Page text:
It’s hard to deny the benefits of walking and biking: Not only are cities and towns with higher percentages of residents who rely on these modes of transportation to get to work correlated with lower levels of diabetes, high blood pressure, and obesity than less active towns, they’re also reaping economic benefits. The Alliance for Biking and Walking found in its 2014 Benchmark Report that increasing these activities has “a positive impact on job growth, individual transportation costs, retail sales, traffic congestion, air quality, property values and stability, health and worker productivity, and events and tourism.”
With all of that in mind, Money scoured our database of 1,900 towns to find the places where the highest percentage of residents walk or bike to work, a proxy for general cycle- and walkability. At least 18% of the population in these five towns use their own two feet (or wheels), compared with the national average of just 1% (cycling) to 3% (walking). In our top town, more than 30% of residents walk or bike, a truly astounding figure. —Alicia Adamczyk
Port Royal, S.C.
Is there anything better than a long walk on the beach? Certainly not in Port Royal, a town on Port Royal Island located between the Beaufort River and Battery Creek in South Carolina’s Lowcountr. Though there’s plenty more to do. The town boasts hundreds of miles of coastline for visitors to enjoy, and is home to the Cypress Wetlands, scores of tranquil walking paths and trails, and the Port Royal Boardwalk Park, known locally as the Sands, which features a boardwalk along the marsh.
The Spanish Moss Trail, a 15-mile long “rails-to-trails greenway project” currently under construction, connects Port Royal to other towns in Beaufort County and is used as a path for walking, biking, jogging, and inline skating. It is part of the East Coast Greenway, a nearly 3,000-mile greenway that will eventually link major cities along the Atlantic coast from Maine to Key West, Fla. More than 32% of Port Royal’s residents walk or bike to work—the most of all of the 1,900 towns Money surveyed.
Around 26% of Northfield, Minnesota’s population of 20,437 walk or bike to work—and for good reason. The natural beauty of the area, located along the shores of the Cannon River and just south of the Twin Cities, is tough to beat. Northfield’s Riverwalk offers views of the river, shopping opportunities, and even a waterfall. The Cowling Arboretum at Carleton College provides approximately 880 acres of conservation area for visitors to use to take walks, jog, play sports, and hang out, in addition to the city’s 35 other parks.
The town is the the midst of the Mill Towns State Trail, a 3-mile-long recreational route slated to link Northfield and other nearby towns. Northfield also hosts road races for novice and advanced bikers, including the Jesse James Bike Tour. Nearby St. Peter, Minn., also ranked highly on walk and bike list.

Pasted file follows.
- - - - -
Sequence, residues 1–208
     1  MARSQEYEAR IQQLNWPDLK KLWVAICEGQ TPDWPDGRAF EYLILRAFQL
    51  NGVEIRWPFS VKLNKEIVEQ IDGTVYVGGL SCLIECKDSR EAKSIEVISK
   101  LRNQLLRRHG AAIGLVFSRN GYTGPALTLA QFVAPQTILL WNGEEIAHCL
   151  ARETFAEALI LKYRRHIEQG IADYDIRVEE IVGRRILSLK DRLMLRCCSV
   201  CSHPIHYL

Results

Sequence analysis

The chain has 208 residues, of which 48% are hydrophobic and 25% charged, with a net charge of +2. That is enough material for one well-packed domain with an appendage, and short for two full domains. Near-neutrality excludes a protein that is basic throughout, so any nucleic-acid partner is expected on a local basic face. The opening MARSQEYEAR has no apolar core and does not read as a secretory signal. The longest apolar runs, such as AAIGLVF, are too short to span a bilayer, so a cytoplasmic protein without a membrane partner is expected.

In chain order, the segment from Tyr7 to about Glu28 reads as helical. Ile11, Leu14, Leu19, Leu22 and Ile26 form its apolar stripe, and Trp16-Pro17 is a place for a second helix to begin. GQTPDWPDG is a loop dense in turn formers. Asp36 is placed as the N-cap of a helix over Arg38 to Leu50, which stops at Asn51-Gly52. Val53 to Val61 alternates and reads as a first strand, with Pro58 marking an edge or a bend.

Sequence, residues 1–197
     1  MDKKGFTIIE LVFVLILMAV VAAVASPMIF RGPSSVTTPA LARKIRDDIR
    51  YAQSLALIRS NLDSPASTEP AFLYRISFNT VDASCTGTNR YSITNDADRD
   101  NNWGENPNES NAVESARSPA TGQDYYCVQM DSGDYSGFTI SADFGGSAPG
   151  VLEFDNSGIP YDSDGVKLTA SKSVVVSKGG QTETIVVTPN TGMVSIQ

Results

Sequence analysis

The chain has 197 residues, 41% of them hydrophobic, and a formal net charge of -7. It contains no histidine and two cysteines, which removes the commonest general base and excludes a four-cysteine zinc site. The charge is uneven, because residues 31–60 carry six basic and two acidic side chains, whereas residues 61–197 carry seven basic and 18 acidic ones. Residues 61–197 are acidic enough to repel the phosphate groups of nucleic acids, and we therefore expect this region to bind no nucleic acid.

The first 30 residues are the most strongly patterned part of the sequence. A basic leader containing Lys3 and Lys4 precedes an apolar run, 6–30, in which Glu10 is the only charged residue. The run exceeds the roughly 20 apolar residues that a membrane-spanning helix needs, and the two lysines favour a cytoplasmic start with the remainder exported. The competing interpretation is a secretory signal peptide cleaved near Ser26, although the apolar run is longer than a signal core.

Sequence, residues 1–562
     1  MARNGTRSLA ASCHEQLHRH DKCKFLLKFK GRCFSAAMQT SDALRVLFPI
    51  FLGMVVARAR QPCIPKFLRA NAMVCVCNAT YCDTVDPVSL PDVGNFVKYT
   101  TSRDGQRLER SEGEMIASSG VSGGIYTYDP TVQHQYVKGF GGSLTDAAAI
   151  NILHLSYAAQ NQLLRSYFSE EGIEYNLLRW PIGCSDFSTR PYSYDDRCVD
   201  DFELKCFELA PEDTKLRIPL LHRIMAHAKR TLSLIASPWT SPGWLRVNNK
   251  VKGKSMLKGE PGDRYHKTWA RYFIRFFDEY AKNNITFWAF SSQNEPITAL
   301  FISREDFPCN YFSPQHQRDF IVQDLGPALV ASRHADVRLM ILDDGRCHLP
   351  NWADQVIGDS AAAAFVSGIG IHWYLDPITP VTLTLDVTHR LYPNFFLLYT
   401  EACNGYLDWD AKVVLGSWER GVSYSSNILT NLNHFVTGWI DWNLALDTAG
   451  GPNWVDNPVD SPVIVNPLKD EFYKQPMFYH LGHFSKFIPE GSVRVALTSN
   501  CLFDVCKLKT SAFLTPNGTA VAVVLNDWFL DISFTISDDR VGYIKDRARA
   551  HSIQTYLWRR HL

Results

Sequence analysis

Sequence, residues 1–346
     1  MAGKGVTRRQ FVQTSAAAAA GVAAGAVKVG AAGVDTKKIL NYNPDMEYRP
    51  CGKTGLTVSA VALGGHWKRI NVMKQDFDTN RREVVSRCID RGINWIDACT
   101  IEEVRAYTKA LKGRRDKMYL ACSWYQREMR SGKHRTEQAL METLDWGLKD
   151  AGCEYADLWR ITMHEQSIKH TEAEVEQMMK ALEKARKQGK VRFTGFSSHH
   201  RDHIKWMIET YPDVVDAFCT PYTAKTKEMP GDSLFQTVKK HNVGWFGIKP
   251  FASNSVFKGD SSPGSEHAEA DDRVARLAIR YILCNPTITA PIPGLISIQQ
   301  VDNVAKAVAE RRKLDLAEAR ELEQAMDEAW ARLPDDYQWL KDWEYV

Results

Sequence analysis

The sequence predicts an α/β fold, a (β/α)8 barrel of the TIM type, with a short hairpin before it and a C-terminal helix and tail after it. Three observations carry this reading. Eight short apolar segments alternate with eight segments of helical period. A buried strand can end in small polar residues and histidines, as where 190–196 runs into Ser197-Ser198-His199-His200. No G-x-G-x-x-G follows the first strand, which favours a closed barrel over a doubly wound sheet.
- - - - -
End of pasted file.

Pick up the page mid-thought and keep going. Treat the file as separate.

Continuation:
Though it can’t claim the tropical climate of Key West, about 24% of Princeton, N.J.’s population walks or bikes to work, no doubt thanks in part to Princeton University. But an abundance of state parks, campgrounds, and other outdoor attractions also give Princeton an edge outside of the 9-to-5 commute. The Delaware-Raritan Canal State Park, Princeton Battlefield State Park, Barbara Boggs Sigmund Park, Greenway Meadows, and the Institute Woods/Charles W. Rogers Wildlife Refuge are just a handful of locations in the city’s limits that attract walkers and bikers.
Promoting an active lifestyle also appears to be a civic duty: There’s a dedicated advisory committee in city government that is working on a Bicycle Master Plan to make biking in the streets safer, and a team of residents who are promoting walkability through grassroots organizing.
Key West, Fla.
There are some obvious factors that make Key West one of the best towns for walking and biking: With gorgeous coastlines, warm weather, and lush vegetation, there’s hardly a more beautiful spot to be in the great outdoors. But the island’s historic architecture, plentiful parks, conservatories and gardens, and manageable size (it’s under 8 square miles) also make Key West great for getting around without a car. (And in fact, just under 21% of the island’s residents walk or bike to work.)
The Key West Historic District in Old Town is the largest historical district on the U.S. Department of the Interior’s National Register of Historic Places, with more than 3,000 wooden buildings dating from about 1886 to 1912. At just two miles by two miles, it’s the perfect size for a walking or biking tour. The Walking Guide to Historic Key West, initially published by historian and preservationist Sharon Wells in 1984, remains a popular guide to the city.
Carlisle, just outside of Harrisburg, Pa., lies in the heart of the Cumberland Valley, making it the perfect backdrop for cyclists, runners, and nature lovers of all types. The Cumberland Valley Rail Trail, a former railway that was transformed into a 9.5 mile path for walking, jogging, bicycling, horseback riding, and other non-motorized recreational uses, ends just one mile outside of Carlisle’s limits. Bike lanes from Carlisle to the trail are currently in the works.
Inside the borough’s limits, the Parks & Recreation Department recently completed a 13.8-mile network of trails for residents and visitors to walk, bike, and run across (and around) town, connected to many of the major landmarks and attractions and 18 different parks. And the locals have noticed: of a population of 18,945, over 18% of residents walk or bike to work.